Cold weather is settling in — heralded by the rising of Orion, one of the most recognized star patterns of the winter season.

Straddling the celestial equator, this mythological hunter is defined by some of the brightest stars in the sky, including the blue-white giant Rigel and the red super-giant Betelgeuse.

Orion is a rich hunting ground for observing nebulae and star clusters — all within reach of binoculars or a small telescope.

Within the boundaries of this constellation can be found a stellar nursery where new stars are born; young, short-lived giant stars that burn bright; and a bloated red giant in its final death throe.

The distinctive Orion star pattern is recognized by cultures world-wide in their mythology and story-telling.

In 1979, a small ivory tablet was found in a prehistoric cave in Germany. Etched in the sliver of mammoth tusk was a narrow-waist, man-like figure, that follows the outline of the stars in Orion, as they would have appeared at that time (ash deposits found next to the tablet have been dated between 32,500 and 38,000 years old).

The stars of Orion appear eternal as compared to our ephemeral lifespans, but change is inevitable.

The more massive stars will collapse as fuel dwindles and their cores lose the battle against gravity.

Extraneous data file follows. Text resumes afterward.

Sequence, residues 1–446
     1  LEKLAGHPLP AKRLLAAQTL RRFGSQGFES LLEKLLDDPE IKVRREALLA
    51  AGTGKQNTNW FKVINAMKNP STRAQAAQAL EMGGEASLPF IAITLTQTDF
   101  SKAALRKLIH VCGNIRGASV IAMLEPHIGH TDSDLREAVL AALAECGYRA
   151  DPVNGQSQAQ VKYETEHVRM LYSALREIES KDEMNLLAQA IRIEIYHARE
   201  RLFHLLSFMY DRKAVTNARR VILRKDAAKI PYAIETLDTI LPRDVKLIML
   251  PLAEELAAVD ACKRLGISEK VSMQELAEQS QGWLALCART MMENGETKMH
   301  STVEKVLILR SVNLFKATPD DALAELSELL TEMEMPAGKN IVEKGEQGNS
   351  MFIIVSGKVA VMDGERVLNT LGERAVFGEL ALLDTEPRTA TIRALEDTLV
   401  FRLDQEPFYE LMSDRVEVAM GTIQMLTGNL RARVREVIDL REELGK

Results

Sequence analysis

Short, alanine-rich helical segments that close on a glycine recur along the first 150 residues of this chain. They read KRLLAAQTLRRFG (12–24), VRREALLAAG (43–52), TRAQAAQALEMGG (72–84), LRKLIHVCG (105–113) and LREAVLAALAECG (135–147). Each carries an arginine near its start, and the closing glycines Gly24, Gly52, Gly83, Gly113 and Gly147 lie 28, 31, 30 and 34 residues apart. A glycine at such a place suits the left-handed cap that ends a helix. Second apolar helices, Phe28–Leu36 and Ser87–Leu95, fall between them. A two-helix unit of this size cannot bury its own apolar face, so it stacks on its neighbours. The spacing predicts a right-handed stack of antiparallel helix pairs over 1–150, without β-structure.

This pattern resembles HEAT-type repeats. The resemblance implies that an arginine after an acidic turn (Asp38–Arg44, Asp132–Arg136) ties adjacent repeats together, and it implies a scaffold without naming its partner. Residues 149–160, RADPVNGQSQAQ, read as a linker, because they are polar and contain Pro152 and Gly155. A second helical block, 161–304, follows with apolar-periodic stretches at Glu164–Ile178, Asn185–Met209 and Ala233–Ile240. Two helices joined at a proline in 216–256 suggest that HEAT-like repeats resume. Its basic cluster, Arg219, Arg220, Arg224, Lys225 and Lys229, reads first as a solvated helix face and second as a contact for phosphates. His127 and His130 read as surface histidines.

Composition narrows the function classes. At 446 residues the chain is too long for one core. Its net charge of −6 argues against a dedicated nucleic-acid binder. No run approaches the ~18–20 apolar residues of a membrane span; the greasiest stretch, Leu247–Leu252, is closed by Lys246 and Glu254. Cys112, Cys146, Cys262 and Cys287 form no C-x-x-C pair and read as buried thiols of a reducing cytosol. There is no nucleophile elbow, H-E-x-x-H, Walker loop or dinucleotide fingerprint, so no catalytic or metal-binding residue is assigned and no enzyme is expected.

The cataclysmic event will scatter heavier elements across the cosmos, seeding vast clouds of hydrogen that will spawn a new generation of stars.

The proper motion of the stars will distort the familiar stick figure over time as old star patterns are lost and new ones arise (the European Space Agency has visualized the evolution of the Orion constellation 450,000 years into the future using the data from its Gaia billion-star, surveying satellite).

The Ojibwe or Chippewa people, native to the Great Lakes region, included the stars of Orion in their constellation of Biboonikeonini or the Wintermaker, the spirit that makes winter.

However, you won’t need to consult the stars this weekend to know that winter is coming.

Stay safe and join us Dec. 14 for our monthly Second Saturday Stars open house and for a retrospective on the New Horizons mission that traveled to Pluto and the Kuiper Belt.

If the weather cooperates, we will be able to explore Orion and other celestial wonders.

Bill Cloutier is a volunteer at the John J. McCarthy Observatory in New Milford.